Summons, Affidavits of complaint, with required or demonstrated attempts face-to-face evaluation, reviewed by prosecutor and petition/request of a Judicial Review that results with an Order for a person to appear for evaluation by an ITA officer.

—Non Emergent Order; face-to-face contact, No Imminence…No Emergency Custody, with Judicial Review ordering an:

Outpatient… for evaluation by an outpatient psychiatrist. Or Inpatient evaluation at an inpatient psych unit.

—Initial Emergency Detainment 120 hour Emergency Custody Probable Cause Hearing; due process & likelihood 51%.

—14 Day Petition Hearings; 2 parts of the hearing. The reasonable cause for the initial detainment. The 2nd part is the need for commitment based on preponderance 70%.

There are four basic options: 1) Released. Or 2) agrees to Sign in Voluntary. 3) 14 Day More Restrictive Order for treatment at the inpatient unit. Or 4) agrees to a 90/180 Less Restrictive Order for outpatient treatment.

—90 or 180 Day Hearings; Court Order; clear, cogent, convincing 85%. MRO; Inpatient treatment unit. LRO Outpatient treatment at where and who provides Tx?

—Detention for Revocation outpatient vs inpatient treatment.

  • May (violation/deterioration) verses Shall (increased likelihood of harm).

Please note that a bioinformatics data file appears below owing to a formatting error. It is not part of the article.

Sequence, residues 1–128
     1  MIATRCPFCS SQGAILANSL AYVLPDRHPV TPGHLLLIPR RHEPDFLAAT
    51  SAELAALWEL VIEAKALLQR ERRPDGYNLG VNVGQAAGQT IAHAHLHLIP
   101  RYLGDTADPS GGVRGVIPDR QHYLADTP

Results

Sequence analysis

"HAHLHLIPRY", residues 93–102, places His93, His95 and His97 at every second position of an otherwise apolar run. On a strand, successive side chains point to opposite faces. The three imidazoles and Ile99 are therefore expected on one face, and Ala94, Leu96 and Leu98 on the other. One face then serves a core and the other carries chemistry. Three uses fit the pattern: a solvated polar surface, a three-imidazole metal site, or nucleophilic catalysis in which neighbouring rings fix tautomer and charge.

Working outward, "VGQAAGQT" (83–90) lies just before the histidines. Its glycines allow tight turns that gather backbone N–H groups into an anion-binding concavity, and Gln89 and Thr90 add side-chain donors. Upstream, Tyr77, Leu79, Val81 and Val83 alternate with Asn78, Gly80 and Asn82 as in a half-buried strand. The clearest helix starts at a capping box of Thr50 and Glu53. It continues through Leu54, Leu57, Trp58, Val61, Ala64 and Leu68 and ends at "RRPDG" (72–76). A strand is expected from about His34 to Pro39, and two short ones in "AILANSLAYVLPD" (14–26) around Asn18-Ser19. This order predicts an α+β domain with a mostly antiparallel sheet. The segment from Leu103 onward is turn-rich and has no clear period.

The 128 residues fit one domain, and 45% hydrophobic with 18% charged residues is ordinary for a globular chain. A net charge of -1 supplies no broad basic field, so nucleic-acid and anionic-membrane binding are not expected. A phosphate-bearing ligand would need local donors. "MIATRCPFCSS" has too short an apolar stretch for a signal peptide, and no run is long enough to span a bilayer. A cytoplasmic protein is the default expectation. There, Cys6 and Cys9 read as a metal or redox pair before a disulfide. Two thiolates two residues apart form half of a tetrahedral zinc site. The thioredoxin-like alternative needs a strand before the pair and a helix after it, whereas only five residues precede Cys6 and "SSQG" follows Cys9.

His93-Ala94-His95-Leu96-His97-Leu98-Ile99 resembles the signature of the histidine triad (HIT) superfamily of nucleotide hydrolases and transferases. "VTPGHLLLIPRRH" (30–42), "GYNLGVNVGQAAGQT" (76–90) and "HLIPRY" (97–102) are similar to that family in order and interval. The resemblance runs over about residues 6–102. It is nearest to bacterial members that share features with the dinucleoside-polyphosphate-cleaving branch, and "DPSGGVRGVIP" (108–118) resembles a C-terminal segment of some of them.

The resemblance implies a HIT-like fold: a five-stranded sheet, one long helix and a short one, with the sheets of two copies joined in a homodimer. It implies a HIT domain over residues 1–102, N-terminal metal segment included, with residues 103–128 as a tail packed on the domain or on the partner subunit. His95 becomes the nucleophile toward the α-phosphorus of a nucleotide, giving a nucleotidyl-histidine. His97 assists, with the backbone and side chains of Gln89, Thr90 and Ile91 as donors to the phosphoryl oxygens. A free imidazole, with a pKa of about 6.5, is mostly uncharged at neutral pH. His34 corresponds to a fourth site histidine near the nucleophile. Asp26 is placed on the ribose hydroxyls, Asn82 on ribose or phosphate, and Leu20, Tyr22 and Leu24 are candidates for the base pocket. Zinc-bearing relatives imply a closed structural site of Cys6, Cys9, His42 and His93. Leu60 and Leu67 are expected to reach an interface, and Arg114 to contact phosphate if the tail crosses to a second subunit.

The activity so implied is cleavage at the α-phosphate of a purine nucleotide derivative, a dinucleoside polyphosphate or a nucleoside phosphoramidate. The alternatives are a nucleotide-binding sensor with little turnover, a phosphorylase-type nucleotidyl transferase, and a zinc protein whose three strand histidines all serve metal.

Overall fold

• Outpatient…Noncustodial notice & service of Revocation, i.e., to be see the outpatient treatment team.
  • Emergency Custody in as inpatient for up to 5 Days. Then a revocation hearing occurs, where a there is a modification of the order (LRO) with release from the hospital. Or the client is ordered (MRO) to inpatient hospitalization for up to the remainder of the order.

—Revocation Hearing; evidentiary phase and dispositional phase MRO Inpatient or LRO; Outpatient and/or LRO Modification Additional 90 or 180 Day Court Order Extensions

***Court Orders reflect the where the client is, i.e., in (MRO) inpatient vs. out (LRO) outpatient.

Published by Love Change Grow LLC

Counselor and crisis consultant of 25 years. Providing education about how to navigate change.